MichelakosENG4UJanuary 17, 2018Testing A Persons’ CharacterWhen a person lives through a traumatic event they have two main choices. They can continue on in fear, pain and struggle for the remainder of their life. Or they can find a way to cope and deal with their unfortunate situation.
Between 1933 to 1945 six million Jews died during the holocaust. 6 million lives of innocent women, men and children. The ones that were not captured and taken to concentration camps had to live their lives in hiding and solitude. The few so called “lucky” ones who escaped and survived the holocaust have to go on everyday with forever lasting traumatic memories. All of this occurred because one person believed that Jews did not deserve to live. Although discrimination still exists today, society is more accepting of everyone and openly embraces people for who they are.
In Sarah’s Key by Tatiana Rosay and the Diary of A Young Girl by Anne Frank, both novels illustrate the hardships these young girls are exposed to during this time and how their difficult situations affect them. For example, the impact that one person has on these girls brings out a positive outcome for Anne, consecutively, for Sarah it leaves her with emotional trauma that she will never get over. Moreover, the yellow star serves as a symbol of discrimination to both Anne and Sarah, exposing them to a life of prejudice, that makes it hard for them to accept their identity. Furthermore, choosing to be strong in the face of adversity plays a huge role in both Anne and Sarah’s lives, this mentality impacts the decisions they make and how they move forward in these terrifying events. In both novels, each girl is impacted by someone/something that affects them emotionally and leaves them with a different outlook on the situation they are in.
To begin, there is one person that affects each of these girls, positively for Anne but negatively for Sarah. Firstly, Anne is struggling to adapt to the close living quarters. She is going through a stage in her life where she is learning what it is like to be a woman and more about herself. Anne begins a friendship and gains a source of knowledge in Peter van Daan, writing “Whenever I go upstairs now I keep on hoping that I shall see ‘him’. Because my life now has an object, and I have something to look forward to, everything has become more pleasant” (Frank 146).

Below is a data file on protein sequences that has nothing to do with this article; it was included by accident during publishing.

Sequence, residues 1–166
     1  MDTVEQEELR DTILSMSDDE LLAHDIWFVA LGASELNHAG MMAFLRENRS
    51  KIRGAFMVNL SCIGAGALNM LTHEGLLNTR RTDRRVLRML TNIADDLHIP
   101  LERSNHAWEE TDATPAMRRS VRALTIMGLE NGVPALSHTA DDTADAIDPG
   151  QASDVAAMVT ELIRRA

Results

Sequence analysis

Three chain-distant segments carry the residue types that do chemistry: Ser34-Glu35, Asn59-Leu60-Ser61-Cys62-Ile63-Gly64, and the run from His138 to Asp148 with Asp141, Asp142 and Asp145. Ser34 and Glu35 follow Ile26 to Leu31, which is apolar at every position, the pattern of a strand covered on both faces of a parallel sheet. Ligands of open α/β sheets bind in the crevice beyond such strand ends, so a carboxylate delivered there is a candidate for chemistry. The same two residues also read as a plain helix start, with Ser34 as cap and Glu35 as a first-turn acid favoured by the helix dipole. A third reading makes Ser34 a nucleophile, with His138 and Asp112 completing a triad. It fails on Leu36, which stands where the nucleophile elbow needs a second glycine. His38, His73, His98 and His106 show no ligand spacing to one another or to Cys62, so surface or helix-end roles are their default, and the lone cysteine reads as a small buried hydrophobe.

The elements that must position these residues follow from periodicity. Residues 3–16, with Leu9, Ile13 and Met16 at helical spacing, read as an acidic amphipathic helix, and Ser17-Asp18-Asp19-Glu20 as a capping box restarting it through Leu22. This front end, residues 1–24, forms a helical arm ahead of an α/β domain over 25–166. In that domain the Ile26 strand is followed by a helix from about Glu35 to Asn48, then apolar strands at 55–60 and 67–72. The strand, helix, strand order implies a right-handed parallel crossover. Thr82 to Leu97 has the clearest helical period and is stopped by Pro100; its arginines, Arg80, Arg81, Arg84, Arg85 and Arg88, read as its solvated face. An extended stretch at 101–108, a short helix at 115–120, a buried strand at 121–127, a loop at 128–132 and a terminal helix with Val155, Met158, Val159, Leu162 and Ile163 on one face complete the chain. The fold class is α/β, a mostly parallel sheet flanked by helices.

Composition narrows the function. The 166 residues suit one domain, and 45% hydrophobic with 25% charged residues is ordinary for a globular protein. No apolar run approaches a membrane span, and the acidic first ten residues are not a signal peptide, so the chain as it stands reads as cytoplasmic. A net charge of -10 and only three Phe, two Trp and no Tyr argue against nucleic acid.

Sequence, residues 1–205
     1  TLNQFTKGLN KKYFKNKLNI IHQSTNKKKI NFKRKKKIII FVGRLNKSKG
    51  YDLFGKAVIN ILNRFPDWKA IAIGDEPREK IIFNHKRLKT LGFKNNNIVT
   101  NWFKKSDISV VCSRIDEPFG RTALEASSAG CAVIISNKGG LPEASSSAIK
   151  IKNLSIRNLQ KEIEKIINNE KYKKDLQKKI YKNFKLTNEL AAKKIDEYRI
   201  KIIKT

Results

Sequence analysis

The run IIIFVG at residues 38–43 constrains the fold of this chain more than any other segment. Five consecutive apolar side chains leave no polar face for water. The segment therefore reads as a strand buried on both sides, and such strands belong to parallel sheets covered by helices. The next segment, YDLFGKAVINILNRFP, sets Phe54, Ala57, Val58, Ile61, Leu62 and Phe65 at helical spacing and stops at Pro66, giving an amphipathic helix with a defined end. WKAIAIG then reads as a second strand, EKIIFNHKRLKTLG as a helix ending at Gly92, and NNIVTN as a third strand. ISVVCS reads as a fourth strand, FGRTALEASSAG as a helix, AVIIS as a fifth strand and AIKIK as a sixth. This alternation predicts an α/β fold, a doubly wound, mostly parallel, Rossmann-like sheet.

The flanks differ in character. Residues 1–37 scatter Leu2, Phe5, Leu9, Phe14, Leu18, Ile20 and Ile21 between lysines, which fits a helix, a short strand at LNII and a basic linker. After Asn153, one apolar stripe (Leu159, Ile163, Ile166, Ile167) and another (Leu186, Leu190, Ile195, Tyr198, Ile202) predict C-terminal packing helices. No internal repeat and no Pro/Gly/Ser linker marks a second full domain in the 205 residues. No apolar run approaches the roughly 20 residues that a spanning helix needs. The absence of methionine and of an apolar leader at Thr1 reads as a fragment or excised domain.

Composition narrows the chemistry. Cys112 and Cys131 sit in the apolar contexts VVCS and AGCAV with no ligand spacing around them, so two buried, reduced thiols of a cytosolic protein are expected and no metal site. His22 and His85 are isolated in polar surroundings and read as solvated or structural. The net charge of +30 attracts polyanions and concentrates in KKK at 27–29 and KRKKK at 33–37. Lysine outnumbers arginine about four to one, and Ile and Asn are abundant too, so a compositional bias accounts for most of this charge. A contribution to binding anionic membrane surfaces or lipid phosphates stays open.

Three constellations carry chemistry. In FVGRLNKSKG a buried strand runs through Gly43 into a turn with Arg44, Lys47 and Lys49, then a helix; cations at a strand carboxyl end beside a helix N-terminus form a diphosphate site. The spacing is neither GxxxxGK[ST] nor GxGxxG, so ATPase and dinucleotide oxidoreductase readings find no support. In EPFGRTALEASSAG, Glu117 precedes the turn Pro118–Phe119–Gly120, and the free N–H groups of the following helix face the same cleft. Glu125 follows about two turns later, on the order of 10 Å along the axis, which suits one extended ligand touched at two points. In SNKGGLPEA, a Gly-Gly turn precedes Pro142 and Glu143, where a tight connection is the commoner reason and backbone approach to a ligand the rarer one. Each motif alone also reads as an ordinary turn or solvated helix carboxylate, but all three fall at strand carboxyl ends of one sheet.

Throughout this entire time living in the attic, Anne cannot find anything that truly cheers her up and bring her out of her depression. However, Peter manages to be the one to comfort her in this time of struggle, making her look at the situation she is in with a more positive attitude now that she has something to look forward to at the end of the day. Whereas, in Sarah’s Key, Sarah’s mission throughout the novel is to return back to her apartment and save Michael. She feels horrible for leaving him behind and is completely crushed when she finally gets back to Paris and finds her brother dead in the cupboard. She is truly never able to overcome this, exclaiming in jee notebook, “My brother.
He died in the cupboard. There is nothing left for me. I thought there was but I was wrong” (Rosnay 261).
Michael is the one that gives Sarah the strength to escape the concentration camp. He is the only hope she has left to one day go back to her old life, so when she finds him dead, all of that aspiration and fortitude goes away, leaving her empty. Even as she tries to start a new life, nothing helps her recover from the pain she feels. Michael affects her ability to be truly joyful about anything, as he was the only source of happiness she had left. Comparatively, both girls have been impacted by another person within their life, leaving them with a new outlook on their circumstances and affecting their emotional state. Conversely, the contrast between the two is that Anne is impacted in a positive way, finding comfort in her friendship with Peter, whereas Sarah is left with a negative impact after discovering her dead brother. This ultimately affects her outlook on life and her standpoint towards it, and eventually leads her to make the ultimate choice to take her own life. In essence, the impacts on each girl differ, exemplifying that in horrific circumstances the role of one person can either make the situation easier to deal with or it can add to the pain and suffering that they already feel.
Anne and Sarah both have to endure the consequences the yellow star brings, that causes them to live differently and question their identity. Firstly, with a yellow star sewn onto all of her clothes Anne realizes that everything is going to be different. Shortly after, she sees how cruelly the Jews are being treated and how she is going to have to live her life. She can choose either to be ashamed about being Jewish or be confident in her own identity, but have to deal with those who discriminate against her. She voices this opinion by writing “We can never be just Dutch or just English, or whatever, we will always be Jews as well. (Frank 235). Anne is coming to the understanding that her identity will always be confusing to her, she will never truly be assured in who she is, knowing that there is now a stigma around Jews and she will have to live her life around that. This yellow star leads to the loneliness and isolation that Anne feels, she is confused on how to identify and this impacts her ability to grow as a person.